Conceptual framework outlining the pathways through which improved TB diagnostics may lead to improved patient outcomes.
Measures of technical performance (e.g. test accuracy) were often reported but not the focus of this review. The frequency of reporting of the various patient-important outcomes across included studies is shown in Fig 3. The most common measure of diagnostic impact was the ‘number of patients with confirmed diagnosis’ (28%, n = 7). We found that most studies included at least one measure of therapeutic impact with ‘reduced time to treatment initiation’ representing by far the most commonly used outcome measure overall (84%, n = 21), followed by ‘reduced loss to follow-up’ (36%, n = 9). Only about half of studies (n = 13) reported on a measure of patient outcome impact, mostly on mortality (24%, n = 6) and outcomes related to infection control or contact tracing (20%, n = 5).
Each circle represents one study. Green circles represent a study finding that the TB NAAT improved the outcome, yellow circles represent a study with inconclusive findings where confidence intervals of the effect estimate included clinically relevant improvements or where confidence intervals were not provided and raw data for re-calculation was not accessible from the manuscript. Note: One study assessed both Xpert and LPA and is accounted for in both the upper section on Xpert and the lower section on LPA; some outcomes shown in Fig 2 were not reported in any study
No studies assessed the potential effects on increasing the number of diagnoses of other respiratory diseases, the number of patients treated with an effective regimen or health-related quality of life measures.
While included studies universally (100%, 14/14) showed benefit of the TB NAATs on the assessed measures of diagnostic impact and none showed any harm, only about three quarters (76%, 29/38) of measures of therapeutic impact and only half (50%, 8/16) of measures of impact on patient outcomes were shown to improve. None (0%, 0/7) of the studies was able to show a benefit on morbidity or mortality. However, point-estimates for changes in mortality and other measures of patient outcome impact often suggested improvements in the TB NAAT arm, but since these outcomes are relatively rare, confidence intervals were wide such that a “null-effect” could not be excluded. Unfortunately this was frequently interpreted as “no difference between arms” but wide intervals that include the null should not be interpreted as evidence favoring the null hypothesis[62,63]. For example, if a mortality-reduction of 25% or more is considered important from a clinical or public health standpoint, all findings on this outcome were inconclusive, rather than proving the absence of any relevant effect.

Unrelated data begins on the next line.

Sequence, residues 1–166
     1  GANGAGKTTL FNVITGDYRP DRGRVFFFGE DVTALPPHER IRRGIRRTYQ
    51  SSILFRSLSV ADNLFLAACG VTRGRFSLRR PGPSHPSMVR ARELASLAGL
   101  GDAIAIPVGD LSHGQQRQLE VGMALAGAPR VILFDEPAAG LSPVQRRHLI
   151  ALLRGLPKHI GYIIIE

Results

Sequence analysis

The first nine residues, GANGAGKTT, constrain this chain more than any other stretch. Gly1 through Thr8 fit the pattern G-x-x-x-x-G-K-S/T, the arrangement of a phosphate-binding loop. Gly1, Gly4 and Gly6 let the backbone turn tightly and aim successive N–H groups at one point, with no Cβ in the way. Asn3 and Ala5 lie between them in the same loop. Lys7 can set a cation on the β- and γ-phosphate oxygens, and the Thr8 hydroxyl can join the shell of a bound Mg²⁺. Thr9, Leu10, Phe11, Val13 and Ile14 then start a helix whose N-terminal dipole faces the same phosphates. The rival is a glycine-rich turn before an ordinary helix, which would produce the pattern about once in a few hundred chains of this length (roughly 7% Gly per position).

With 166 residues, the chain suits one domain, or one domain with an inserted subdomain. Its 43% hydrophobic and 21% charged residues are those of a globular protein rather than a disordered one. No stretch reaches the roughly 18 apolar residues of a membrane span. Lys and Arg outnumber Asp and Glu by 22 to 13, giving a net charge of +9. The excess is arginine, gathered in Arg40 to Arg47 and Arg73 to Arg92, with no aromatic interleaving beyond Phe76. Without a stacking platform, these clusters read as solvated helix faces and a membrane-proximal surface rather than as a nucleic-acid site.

Designs to Assess Impact of Diagnostic Tests
The classification of design options as used in this review is shown in Fig 4. We first differentiate two major design architectures: (i) multi-cohort designs, i.e. designs that involve two (or more) cohorts, each exposed to only a single test or testing algorithm and (ii) single-cohort designs, i.e. designs that involve a single cohort exposed to multiple tests simultaneously. We then further differentiate important sub-types of these and brief descriptions for each design with references for further details in Table 2.
Designs that have not been used in any of the studies included in this review are shown in grey. Of note, quasi-experimental studies are not typically described in epidemiological textbooks but are popular among economists and other social scientists: the basic idea of these designs is to try to make causal inference by exploiting some source of exogenous variation that acts similar to randomization. The three designs listed here may appear to be quite different but have the common feature that the type of exposure/test is neither the choice of the study participants (as in traditional cohort studies) nor assigned by the investigator (as in randomized trials) but determined through some exogenous factor. Pre/post implementation studies, where ‘time’ represents this exogenous factor, were the only quasi-experimental design used in the included studies.
As shown in Table 2, we identified two individually-randomized trials, two parallel-arm cluster-randomized trials and one stepped-wedge cluster-randomized trial. There were nine studies using a quasi-experimental design, all of which were uncontrolled pre/post implementation studies. We also found four single-cohort hypothetical studies and seven single-cohort observational studies but no diagnostic before/after studies. Authors did not provide any name for their study design in three studies and 13 different names were suggested by study authors for the remaining 17 non-randomized studies; we classified all 20 non-randomized studies into one of three study designs (Table 2). RCTs (randomized controlled trials) tended to assess outcomes across the whole range (i.e. from diagnostic impact to patient outcome impact) while pre/post and observational studies mostly assessed therapeutic impact and hypothetical studies mostly patient outcomes (Fig 5).